Washington, D.C.—U.S. Senator Susan Collins, the Ranking Member of the Transportation Appropriations Subcommittee, co-led a hearing on ways to increase the resiliency of our transportation infrastructure. The hearing featured the testimony of Dr. Habib Dagher, the Executive Director of the Advanced Structures and Composites Center (ASCC) at the University of Maine (UMaine).
“Whether it is for disaster recovery, infrastructure longevity, or sustainability, investment in new techniques and materials has the potential to extend the life of critical public works and make them more resilient,” said Senator Collins. “Dr. Habib Dagher’s work exemplifies the importance of research and development related to our nation’s infrastructure.”
“Senator Collins has led the Transportation THUD Subcommittee and I very much appreciated her invitation to highlight UMaine's research. With the new infrastructure bill, we have a once-in-a-lifetime opportunity to use more durable, more sustainable, advanced materials including composite materials as we rebuild our roads and bridges and create a more resilient and cost-effective transportation system of the future,” said Dr. Habib Dagher, Executive Director, Advanced Structures and Composites Center at the University of Maine. “We can’t keep building it the same way and expect a different result. That's why Senator Collins’ IMAGINE Act is so important. At the ASCC, our research has led to innovations that extend the life of bridges with little maintenance using composite materials.”
During the hearing, Senator Collins asked Dr. Dagher to elaborate on the cutting-edge research he spearheads at UMaine, which has led to the development of low-cost, high-performance structural composites for construction and infrastructure applications. Dr. Dagher highlighted a number of research and development projects that he and his team are deploying, including the “bridge in a backpack” composites arch technology; composite tub U-Girder technology; floating breakwaters; and bio-based 3D-printed culvert diffusers to protect roads from storms. (Click HERE for a copy of Dr. Dagher’s testimony and photos of UMaine’s composite bridge designs.)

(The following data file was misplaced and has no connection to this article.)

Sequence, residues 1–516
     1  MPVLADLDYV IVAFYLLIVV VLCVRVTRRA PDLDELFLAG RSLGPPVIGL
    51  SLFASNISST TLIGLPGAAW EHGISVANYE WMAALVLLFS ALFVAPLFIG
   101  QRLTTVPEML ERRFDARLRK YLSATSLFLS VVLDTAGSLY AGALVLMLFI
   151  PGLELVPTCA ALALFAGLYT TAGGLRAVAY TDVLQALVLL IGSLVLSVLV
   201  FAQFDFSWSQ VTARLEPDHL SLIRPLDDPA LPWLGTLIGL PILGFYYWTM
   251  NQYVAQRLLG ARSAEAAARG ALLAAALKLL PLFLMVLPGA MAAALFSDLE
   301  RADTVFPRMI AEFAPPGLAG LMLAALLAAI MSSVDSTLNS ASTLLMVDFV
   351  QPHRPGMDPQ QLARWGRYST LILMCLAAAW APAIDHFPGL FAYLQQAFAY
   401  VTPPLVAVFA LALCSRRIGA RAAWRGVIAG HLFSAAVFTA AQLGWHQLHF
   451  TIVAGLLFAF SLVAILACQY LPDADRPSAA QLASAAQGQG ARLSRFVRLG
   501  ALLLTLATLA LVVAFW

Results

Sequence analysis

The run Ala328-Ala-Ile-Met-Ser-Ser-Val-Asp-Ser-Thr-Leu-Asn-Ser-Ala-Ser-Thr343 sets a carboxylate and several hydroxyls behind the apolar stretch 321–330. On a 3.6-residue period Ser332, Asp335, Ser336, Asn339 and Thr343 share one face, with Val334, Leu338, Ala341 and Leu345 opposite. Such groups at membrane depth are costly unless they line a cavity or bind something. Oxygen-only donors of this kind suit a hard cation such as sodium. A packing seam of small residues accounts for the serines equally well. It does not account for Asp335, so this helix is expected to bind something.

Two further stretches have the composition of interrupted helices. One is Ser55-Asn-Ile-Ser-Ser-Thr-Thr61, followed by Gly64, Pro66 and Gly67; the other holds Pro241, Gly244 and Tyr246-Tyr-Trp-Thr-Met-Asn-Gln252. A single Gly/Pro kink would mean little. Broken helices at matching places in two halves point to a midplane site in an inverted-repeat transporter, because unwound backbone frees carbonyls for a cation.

Dr. Dagher also spoke about how UMaine’s pioneering use of composites has allowed them to construct bridges that require fewer materials, do not need heavy equipment to build, and last longer than conventional bridges. All of these attributes have the added benefit of shrinking these bridges’ carbon footprints. This technology is being used to reconstruct the Grist Mill Bridge, a 75-foot, single-span bridge in Hampden that will be the first in the nation to use composite girders with no concrete reinforcement in the superstructure.
The ASCC at UMaine has 260 personnel and is housed in a 100,000 square foot laboratory, making it the largest university-based research center in Maine. Among other achievements, the ASCC developed technology to build the longest composite materials highway bridge in the United States, the 540-foot long Knickerbocker Bridge over Back River in Boothbay. Dr. Dagher also is leading the Transportation Infrastructure Durability Center (TIDC) at the University, which was recently established under the U.S. Department of Transportation’s highly-competitive University Transportation Centers grant program. The TIDC brings together the expertise of New England state DOTs and six universities to develop more sustainable materials and construction methods.
In March, Senator Collins introduced the IMAGINE Act with Senator Sheldon Whitehouse (D-RI) that would encourage research and deployment of innovative construction materials in transportation and water infrastructure projects nationwide.
Other witnesses at the hearing included:
· Polly Trottenberg, Deputy Secretary, U.S. Department of Transportation
· Elizabeth Repko, Acting Director, Physical Infrastructure, Government Accountability Office
· Edwin Sniffen, Deputy Director, Hawaii Department of Transportation